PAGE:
Bangaluru: He has been controversy’s favourite child. And controversy did not leave him alone even during his ascent to the throne of Karnataka amid a murky legal battle in the country’s top-most court. From the humdrum existence as a government clerk and a hardware store owner to becoming the chief minister of Karnataka for a second time, BS Yeddyurappa has navigated the choppy waters of politics with the consummate ease of a seasoned oarsman, defying tidal waves of adversity.
A hardboiled RSS Swayamsevak, 75-year-old Bookanakere Siddalingappa Yeddyurappa, joined the Hindu right organisation when he was barely 15, and cut his political teeth in the Jana Sangh, the BJP’s forerunner, in his hometown Shikaripura in Shivamogga district. He became the Jana Sangh’s Shikaripura taluka chief in the early 1970s.
Currently a Lok Sabha member from Shivamogga, he was first elected to the Legislative Assembly from Shikaripura in 1983 and went on to win it five more times. The Lingayat strongman is known to have espoused the cause of farmers, something which was repeatedly referred to by Prime Minister Narendra Modi in his election speeches.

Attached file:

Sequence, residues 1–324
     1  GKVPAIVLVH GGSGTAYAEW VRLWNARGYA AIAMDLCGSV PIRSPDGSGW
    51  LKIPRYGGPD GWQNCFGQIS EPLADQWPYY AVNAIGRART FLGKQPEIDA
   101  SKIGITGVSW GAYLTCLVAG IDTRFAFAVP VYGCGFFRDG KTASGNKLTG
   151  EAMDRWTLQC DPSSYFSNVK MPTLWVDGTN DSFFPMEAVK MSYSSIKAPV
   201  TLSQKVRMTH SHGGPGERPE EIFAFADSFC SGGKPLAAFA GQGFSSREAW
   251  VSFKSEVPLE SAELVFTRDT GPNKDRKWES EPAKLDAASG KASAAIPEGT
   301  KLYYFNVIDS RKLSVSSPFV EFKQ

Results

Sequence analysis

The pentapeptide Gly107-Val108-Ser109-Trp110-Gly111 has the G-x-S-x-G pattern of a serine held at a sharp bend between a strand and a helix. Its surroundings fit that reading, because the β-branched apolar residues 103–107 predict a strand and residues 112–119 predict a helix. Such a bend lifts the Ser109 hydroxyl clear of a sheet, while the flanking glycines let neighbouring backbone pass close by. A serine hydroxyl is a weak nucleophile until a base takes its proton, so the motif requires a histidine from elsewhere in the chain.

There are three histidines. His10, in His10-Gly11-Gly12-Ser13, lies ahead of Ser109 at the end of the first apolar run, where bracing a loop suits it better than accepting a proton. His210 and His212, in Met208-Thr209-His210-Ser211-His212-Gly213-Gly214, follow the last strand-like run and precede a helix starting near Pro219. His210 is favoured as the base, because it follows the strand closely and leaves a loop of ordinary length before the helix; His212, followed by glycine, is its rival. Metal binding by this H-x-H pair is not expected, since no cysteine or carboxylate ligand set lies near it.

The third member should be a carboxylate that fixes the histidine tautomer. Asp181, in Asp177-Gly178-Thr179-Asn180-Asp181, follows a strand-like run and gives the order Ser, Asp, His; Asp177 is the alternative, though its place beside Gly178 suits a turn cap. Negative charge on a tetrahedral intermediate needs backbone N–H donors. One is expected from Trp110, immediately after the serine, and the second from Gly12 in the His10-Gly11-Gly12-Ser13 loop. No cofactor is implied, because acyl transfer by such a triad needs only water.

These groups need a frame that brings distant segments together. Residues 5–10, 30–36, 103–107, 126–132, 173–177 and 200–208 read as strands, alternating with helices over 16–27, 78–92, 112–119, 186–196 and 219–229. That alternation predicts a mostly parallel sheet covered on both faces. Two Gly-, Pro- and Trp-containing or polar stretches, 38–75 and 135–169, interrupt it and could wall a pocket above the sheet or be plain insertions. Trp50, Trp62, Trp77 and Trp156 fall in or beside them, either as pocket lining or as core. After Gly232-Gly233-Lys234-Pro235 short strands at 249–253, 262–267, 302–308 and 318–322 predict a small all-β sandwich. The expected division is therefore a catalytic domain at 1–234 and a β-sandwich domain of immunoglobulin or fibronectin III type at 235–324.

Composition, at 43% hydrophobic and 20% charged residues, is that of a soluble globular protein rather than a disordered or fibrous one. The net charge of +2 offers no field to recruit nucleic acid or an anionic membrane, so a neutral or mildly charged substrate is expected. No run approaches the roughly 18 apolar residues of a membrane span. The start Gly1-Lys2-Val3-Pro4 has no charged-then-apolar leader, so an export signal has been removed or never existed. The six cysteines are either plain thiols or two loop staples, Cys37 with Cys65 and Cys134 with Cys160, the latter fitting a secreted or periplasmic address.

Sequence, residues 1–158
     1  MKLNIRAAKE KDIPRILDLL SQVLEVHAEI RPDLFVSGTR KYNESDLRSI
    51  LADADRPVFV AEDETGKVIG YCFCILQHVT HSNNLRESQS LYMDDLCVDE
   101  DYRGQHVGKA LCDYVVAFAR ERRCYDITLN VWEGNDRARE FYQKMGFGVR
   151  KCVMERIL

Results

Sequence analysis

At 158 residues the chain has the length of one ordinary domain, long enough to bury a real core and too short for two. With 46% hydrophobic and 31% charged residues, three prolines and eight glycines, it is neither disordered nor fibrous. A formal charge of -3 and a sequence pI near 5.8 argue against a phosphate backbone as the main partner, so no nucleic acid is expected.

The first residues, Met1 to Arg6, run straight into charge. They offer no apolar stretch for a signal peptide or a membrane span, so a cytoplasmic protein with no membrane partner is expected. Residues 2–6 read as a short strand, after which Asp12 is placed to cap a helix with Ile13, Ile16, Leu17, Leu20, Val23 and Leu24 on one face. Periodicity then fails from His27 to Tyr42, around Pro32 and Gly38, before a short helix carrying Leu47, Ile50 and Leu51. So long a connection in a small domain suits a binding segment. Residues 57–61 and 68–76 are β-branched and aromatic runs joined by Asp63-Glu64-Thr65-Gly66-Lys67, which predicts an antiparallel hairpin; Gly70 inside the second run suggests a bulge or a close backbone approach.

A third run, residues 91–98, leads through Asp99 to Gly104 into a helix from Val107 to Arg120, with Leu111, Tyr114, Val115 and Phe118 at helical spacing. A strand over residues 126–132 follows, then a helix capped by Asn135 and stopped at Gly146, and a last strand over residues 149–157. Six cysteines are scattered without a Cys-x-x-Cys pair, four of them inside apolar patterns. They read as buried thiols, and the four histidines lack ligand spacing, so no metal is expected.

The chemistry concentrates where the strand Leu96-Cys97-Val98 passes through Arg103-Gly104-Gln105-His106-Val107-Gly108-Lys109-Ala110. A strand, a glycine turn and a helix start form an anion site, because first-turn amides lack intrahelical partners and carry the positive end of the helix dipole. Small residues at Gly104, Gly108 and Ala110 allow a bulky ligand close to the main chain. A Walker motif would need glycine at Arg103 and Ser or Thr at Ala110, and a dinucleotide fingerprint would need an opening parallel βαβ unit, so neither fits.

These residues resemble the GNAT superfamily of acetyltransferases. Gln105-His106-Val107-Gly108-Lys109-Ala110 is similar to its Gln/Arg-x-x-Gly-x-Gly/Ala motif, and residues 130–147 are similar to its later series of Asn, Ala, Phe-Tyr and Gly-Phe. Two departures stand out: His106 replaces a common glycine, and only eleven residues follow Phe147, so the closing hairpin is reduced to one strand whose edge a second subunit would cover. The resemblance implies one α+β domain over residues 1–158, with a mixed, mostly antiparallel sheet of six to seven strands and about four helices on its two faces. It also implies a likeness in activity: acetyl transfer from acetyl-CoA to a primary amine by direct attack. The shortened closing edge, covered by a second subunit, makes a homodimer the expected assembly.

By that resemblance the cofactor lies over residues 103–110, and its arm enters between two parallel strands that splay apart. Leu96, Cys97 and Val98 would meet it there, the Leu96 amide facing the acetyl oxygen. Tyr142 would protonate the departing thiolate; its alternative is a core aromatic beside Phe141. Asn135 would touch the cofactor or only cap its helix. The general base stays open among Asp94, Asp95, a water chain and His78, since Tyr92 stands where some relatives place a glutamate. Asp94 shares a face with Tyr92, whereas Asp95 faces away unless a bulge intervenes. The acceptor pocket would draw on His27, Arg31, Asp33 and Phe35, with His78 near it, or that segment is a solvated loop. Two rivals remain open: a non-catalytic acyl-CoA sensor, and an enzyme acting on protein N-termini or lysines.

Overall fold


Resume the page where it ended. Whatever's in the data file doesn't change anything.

A Bachelor of Arts, Yeddyurappa, who was jailed during Emergency, worked as a clerk in the social welfare department before taking up a similar job at a rice mill in his native Shikaripura. Later, he set up his own hardware shop in Shivamogga. Yeddyurappa may have landed in the hot seat in 2004 itself when the BJP emerged as the single largest party, but the Congress and JD(S) of former prime minister H D Deve Gowda cobbled together an alliance, and a government was formed under Dharam Singh.
Known for his political sagacity, Yeddyurappa joined hands with H D Kumaraswamy, Deve Gowda’s son, in 2006 and brought down the Dharam Singh government after the chief minister was indicted by Lokayukta in an alleged mining scam.